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January 31, 1936 - Image 3

Resource type:
The Michigan Daily, 1936-01-31

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Michigan Will
Have Bi Entry
In A.A.U. Meet
Relay Carnival Will Act
As Proving Ground For
Team, Coach Intimates
Stating that he intends to enter
as many men as is possible in the
third annual Michigan A.A.U. relay
carnival, Tuesday, Feb. 18, Coach
Charlie Hoyt yesterday intimated that
fgr the Wolverines, Western Confer-
ence champions, the meet will ac
Mainly as a proving ground.
Three nights later Michigan wil
be host to the Michigan State team
and the performances in the A. A. U
meet are apt to go far in determining
what men face the Spartans. Also
the A.A.U. carnival will furnish th
Wolverines with enough good compe-
tition so that fans can form a good
idea of how the 1936 Michigan team
will act under fire.
Nine Events Open,
Six track and three field event
wil be open to members of the Mich-
igan team and to representatives o
other colleges in the state. The 65
yard dash, 65-yard high and low
hurdles, 880-yard run, mile .and relay
will -feature Wolverine entries.
Hoyt will also enter men in the
pole vault, shot put and high jump
The same list of events will be open
to high schools who will compet
only against others of the same rat
Seven Mile Relays
Featuring the meet will be the seven
one-mile relay races for high schools
colleges, clubs and universities. Th
concluding race on the card, th
University relay, will be between mil
relay teams of the Universities o
Michigan and Pittsburgh. Last yea
the two teams met once and tha
was at the Butler Relays which Mich
igan won.
Coach Hoyt said yesterday that h
would probably conduct time trials fo
1i quarter milers during the second
week of examinations in an effort t
determine his four best men. Thes
will be pitted against the Panthers.

Wrestling Is Good
Conditioner, Agree
Varsity Gridders
Apparently various Michigan grid -
ders agree with Coach Don McCallis-
ter of North Carolina University that
wrestling is fine training for football
linemen because many of them have
been drilling with Varsity matmen.
In addition to Harry "Tiny" Wright
and Frank Bissell, who are star grap-
plers as well as good football players,
James "Farmer" Lincoln, tackle, Er-
nie Pederson, guard, Jim Musik, end,
- and Stan Schumann, center, all have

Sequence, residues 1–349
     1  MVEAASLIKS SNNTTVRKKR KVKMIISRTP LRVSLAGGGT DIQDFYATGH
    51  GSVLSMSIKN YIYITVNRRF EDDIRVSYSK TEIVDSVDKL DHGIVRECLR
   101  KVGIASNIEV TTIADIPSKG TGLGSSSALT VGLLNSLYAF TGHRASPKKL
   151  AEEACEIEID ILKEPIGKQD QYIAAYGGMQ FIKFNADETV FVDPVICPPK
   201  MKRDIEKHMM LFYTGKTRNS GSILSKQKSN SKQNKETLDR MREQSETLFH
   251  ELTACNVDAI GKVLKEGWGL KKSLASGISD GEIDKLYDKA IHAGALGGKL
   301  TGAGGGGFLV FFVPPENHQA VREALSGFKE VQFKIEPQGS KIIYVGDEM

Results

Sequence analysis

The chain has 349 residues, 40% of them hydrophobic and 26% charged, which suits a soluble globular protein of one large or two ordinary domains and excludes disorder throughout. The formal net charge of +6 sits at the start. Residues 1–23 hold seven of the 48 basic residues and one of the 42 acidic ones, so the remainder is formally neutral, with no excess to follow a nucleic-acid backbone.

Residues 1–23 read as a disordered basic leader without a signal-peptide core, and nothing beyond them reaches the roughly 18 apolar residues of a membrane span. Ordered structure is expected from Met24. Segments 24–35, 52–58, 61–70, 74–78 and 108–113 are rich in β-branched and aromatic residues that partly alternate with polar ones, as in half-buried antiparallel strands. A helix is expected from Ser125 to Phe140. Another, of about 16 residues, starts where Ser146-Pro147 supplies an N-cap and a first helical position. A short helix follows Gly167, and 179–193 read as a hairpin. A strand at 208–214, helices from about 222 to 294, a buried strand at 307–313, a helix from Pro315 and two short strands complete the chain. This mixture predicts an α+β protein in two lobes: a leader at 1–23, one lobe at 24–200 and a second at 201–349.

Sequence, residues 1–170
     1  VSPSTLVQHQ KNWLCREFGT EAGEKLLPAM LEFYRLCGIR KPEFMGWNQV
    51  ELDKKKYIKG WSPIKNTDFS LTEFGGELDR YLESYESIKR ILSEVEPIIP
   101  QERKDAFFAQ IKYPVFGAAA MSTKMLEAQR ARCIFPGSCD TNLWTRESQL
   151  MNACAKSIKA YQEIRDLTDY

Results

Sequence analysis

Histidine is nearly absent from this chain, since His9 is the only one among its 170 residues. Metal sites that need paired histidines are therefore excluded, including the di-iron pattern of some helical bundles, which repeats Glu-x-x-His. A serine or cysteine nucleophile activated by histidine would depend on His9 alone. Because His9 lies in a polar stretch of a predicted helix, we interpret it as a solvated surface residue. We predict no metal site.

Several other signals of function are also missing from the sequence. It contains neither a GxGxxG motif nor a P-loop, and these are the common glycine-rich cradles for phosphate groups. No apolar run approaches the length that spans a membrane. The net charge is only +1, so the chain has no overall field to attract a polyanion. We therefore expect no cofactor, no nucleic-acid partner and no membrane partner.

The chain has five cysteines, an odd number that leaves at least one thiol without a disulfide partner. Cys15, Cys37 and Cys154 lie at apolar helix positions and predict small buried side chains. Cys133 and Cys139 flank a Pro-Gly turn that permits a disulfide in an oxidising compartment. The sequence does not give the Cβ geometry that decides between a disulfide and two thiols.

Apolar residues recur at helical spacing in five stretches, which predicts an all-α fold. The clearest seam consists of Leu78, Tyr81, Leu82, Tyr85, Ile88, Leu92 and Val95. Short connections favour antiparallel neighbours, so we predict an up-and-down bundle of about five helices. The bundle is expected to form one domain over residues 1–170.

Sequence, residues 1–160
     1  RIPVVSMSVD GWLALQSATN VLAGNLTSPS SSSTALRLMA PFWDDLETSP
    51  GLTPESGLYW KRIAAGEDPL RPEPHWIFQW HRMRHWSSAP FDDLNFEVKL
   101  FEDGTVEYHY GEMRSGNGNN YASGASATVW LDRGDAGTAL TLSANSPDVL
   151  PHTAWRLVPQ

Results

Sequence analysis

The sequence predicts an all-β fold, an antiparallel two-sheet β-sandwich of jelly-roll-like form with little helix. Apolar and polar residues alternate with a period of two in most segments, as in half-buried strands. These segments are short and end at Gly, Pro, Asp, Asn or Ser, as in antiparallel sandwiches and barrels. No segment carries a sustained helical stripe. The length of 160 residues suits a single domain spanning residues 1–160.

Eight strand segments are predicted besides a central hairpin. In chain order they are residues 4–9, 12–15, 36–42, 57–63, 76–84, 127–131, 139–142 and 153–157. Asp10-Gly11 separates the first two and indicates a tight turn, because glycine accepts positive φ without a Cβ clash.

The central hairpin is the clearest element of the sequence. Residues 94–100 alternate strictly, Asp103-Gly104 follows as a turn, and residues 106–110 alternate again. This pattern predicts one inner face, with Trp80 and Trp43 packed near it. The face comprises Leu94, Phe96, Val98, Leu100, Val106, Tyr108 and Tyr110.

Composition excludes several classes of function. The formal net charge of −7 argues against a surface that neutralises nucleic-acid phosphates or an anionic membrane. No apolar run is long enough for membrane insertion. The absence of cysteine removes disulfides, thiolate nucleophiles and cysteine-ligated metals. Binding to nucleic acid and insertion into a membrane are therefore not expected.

t in their spare moments worked out
with the wrestlers.
1 Among the past gridmen who con-
sidered wrestling as a good condition-
ing sport were the names of George
Rich, captain of the 1930 Wolverine
eleven, Al Steinke, rugged guard,
e Howard Auer, stellar tackle, and Ray
- Parker, guard. The latter three men
were Varsity grapplers. Parker was
n a former Big Ten champion while
Steinke was one of the first Michigan
wrestlers to join the professional
s ranks.
- Coach Keen, Varsity mat coach, ex-
f plains: "It helps a football player to
- develop a fine sense of coordination
v in addition to improving his footwork.
Y It also teaches him to use his hands
and toughens him up due to the
e similar physical contact encountered
. in wrestling."
- Boston Club Renamed
Bees As Result Of Poll
BOSTON. Jan. 30.-- UP) - The
n, National League baseball club of
e Boston, heretofore the Braves, be-
e came the "Bees" today and here-
e after their home grounds, former-
f ly the Wigwam, will be known as
r the Hive.
t A jury of 25 newspapermen se-
lected from 1,327 names suggested
the new nickname for the Boston
e team, recently reorganized.
r The roster issued today by the
d Bees includes one .300 hitter and
o a single major league pitcher who
e won more than he lost last season.




'The HOT




Detroit Shortstop Acquires New
Hobby, Training Amateur Boxers

THAT LITTLE cementer ofo
good feeling whose editorial
heart is so free from petty jeal-a
ouzy, The Michigan State News,
absolves us ofall blame for any
part in the Notre Dame incident.r
"You can hardly blame the ed-
itrs of the Michigan Daily sportsr
page," it says, "they haven't any-s
thing else to write about."c